|M.Sc Student||Rosen Alexander|
|Subject||Micro-Bubble Based Pressure Measurements Using Ultrasound: A|
Modeling and Signal Processing Study
|Department||Department of Biomedical Engineering||Supervisors||Professor Eitan Kimmel|
|Professor Emeritus Dan Adam|
|Full Thesis text|
Micro-bubbles filled with gas and surrounded by a thin elastic shell are used as contrast agents in medical imaging with ultrasound. The idea of using micro-bubbles exposed to ultrasound for blood pressure measurements has been studied at the Technion in the last years. This task requires better understanding of the acoustic signals induced by the micro-bubbles in ultrasonic field and the conditions for generation of non-linear effects such as appearance of sub-harmonic component (half of the stimulating frequency) in the emitted spectrum.
The response of the micro-bubbles to the driving ultrasound force is defined by their following properties: micro-bubbles resonance frequency which is correlated to the bubble steady state radius, the distribution of the micro-bubble size and resonance frequency, and the gas diffusion process.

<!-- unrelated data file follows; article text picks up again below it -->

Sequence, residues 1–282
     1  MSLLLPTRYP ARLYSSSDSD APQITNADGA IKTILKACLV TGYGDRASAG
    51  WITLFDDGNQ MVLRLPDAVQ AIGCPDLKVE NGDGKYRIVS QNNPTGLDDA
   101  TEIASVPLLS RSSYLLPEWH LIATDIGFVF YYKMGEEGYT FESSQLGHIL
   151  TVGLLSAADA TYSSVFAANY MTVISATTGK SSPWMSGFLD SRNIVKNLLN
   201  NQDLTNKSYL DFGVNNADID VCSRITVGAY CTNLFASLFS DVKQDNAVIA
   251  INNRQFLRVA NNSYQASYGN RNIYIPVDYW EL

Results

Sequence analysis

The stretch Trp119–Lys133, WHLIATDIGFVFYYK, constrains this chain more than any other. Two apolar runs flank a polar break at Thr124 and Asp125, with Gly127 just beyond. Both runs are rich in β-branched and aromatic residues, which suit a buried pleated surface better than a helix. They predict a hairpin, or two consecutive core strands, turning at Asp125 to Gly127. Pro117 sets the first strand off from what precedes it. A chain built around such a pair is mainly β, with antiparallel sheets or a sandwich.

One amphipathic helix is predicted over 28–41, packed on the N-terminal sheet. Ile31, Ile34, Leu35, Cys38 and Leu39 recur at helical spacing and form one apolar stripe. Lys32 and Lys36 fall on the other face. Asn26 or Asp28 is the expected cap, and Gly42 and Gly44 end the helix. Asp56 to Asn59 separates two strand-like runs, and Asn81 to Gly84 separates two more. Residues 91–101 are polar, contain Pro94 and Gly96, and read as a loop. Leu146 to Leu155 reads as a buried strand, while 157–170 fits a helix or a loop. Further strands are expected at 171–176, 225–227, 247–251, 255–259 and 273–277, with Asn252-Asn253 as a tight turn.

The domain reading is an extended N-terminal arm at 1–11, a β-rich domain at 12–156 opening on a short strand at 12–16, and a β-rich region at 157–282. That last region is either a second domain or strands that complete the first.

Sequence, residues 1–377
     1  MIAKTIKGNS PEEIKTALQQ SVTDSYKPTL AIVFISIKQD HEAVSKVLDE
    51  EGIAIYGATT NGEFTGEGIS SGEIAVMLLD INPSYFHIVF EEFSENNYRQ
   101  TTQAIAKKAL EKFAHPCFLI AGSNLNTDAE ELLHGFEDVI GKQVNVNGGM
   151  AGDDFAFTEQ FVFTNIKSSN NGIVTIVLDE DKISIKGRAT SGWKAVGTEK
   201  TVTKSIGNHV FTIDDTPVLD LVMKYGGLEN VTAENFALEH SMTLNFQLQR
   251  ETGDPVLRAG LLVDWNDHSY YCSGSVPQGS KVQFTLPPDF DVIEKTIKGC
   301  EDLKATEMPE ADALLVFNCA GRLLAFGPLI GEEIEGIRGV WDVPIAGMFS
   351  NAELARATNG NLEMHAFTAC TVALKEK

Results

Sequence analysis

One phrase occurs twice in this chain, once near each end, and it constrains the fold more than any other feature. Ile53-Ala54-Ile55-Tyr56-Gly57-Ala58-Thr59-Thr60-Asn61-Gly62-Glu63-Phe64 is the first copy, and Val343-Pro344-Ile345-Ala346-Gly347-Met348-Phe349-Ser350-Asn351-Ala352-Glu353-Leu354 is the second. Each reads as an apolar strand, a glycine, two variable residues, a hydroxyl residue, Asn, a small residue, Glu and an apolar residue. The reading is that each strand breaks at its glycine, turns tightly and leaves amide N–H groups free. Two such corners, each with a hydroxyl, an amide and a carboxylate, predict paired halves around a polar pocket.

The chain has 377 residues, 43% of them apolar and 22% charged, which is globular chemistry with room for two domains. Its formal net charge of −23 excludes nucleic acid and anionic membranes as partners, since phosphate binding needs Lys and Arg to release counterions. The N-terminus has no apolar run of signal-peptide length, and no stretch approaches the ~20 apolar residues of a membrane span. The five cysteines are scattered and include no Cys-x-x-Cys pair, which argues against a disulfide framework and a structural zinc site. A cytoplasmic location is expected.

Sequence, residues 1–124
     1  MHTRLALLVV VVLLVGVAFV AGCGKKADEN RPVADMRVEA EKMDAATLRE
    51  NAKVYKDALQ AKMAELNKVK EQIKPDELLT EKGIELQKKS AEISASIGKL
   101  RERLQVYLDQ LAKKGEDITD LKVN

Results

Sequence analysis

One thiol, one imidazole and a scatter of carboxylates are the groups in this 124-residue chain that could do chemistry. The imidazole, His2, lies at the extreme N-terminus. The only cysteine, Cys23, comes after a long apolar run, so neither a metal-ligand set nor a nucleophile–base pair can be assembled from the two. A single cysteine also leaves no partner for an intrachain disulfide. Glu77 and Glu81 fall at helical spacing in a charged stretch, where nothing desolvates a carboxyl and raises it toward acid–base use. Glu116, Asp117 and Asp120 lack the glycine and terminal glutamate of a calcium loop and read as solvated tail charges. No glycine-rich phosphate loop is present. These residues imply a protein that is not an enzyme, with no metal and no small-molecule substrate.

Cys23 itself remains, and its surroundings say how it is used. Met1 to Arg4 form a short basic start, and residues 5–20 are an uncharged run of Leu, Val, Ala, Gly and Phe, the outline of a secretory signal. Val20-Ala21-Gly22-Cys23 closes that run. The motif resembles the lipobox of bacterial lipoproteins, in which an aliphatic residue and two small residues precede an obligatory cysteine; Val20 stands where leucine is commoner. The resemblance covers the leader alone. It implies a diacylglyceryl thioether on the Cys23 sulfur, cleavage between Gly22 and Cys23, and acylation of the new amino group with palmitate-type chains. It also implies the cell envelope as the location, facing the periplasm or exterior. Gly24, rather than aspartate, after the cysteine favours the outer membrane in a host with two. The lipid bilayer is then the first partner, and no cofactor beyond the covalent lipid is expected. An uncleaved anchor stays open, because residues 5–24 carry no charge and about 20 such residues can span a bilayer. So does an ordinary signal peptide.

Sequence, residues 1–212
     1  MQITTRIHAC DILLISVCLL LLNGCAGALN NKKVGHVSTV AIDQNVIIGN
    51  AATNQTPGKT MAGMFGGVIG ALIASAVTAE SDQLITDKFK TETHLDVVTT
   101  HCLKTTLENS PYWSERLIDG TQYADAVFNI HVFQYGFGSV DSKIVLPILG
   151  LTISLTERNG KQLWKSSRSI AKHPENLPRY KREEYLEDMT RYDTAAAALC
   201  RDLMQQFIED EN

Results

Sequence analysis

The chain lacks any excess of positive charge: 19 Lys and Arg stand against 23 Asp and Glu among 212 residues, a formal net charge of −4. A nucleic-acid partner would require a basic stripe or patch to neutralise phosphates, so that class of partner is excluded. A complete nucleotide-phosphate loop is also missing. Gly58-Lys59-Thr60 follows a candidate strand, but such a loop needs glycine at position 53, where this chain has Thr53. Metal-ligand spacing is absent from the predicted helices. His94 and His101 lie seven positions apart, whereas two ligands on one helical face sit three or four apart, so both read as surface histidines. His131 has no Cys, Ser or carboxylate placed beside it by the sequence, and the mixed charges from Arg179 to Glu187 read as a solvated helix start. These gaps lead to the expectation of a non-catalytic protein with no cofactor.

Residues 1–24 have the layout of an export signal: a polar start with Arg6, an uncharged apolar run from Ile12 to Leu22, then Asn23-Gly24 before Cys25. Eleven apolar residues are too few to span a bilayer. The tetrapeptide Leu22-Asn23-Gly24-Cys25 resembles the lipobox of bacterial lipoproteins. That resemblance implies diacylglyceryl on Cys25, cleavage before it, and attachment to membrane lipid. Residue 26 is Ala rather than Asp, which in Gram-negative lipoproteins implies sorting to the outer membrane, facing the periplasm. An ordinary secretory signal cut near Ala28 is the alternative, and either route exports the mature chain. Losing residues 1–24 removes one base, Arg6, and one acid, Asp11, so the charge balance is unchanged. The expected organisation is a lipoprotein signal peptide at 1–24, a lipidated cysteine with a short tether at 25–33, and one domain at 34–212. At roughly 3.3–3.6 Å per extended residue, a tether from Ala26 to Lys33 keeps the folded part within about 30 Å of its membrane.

The experimental setup designed for this investigation consists of ultrasound signal generation block, composed of two transducers, signal generation equipment, data acquisition and analysis block. Definity™ micro-bubbles with resonance frequency of 2.75 MHz were used during the experiments in water reservoir. The experiments were conducted using two different driving frequencies of 5.5 and 4.5 MHz. The acoustic pressure varies from 250 kPa to 650 kPa with 50 kPa steps.
The appearance of sub-harmonic component is eminent in the applied acoustic pressures range and under applied frequency of twice micro-bubbles resonance frequency (5.5 MHz). The experiments showed linear correlation between the applied acoustic pressure and first harmonic-to-sub-harmonic amplitude ratio.
Further experiments, investigating also the quantitative dependence of sub-harmonic amplitude modulation as a result of ambient pressure variations are needed.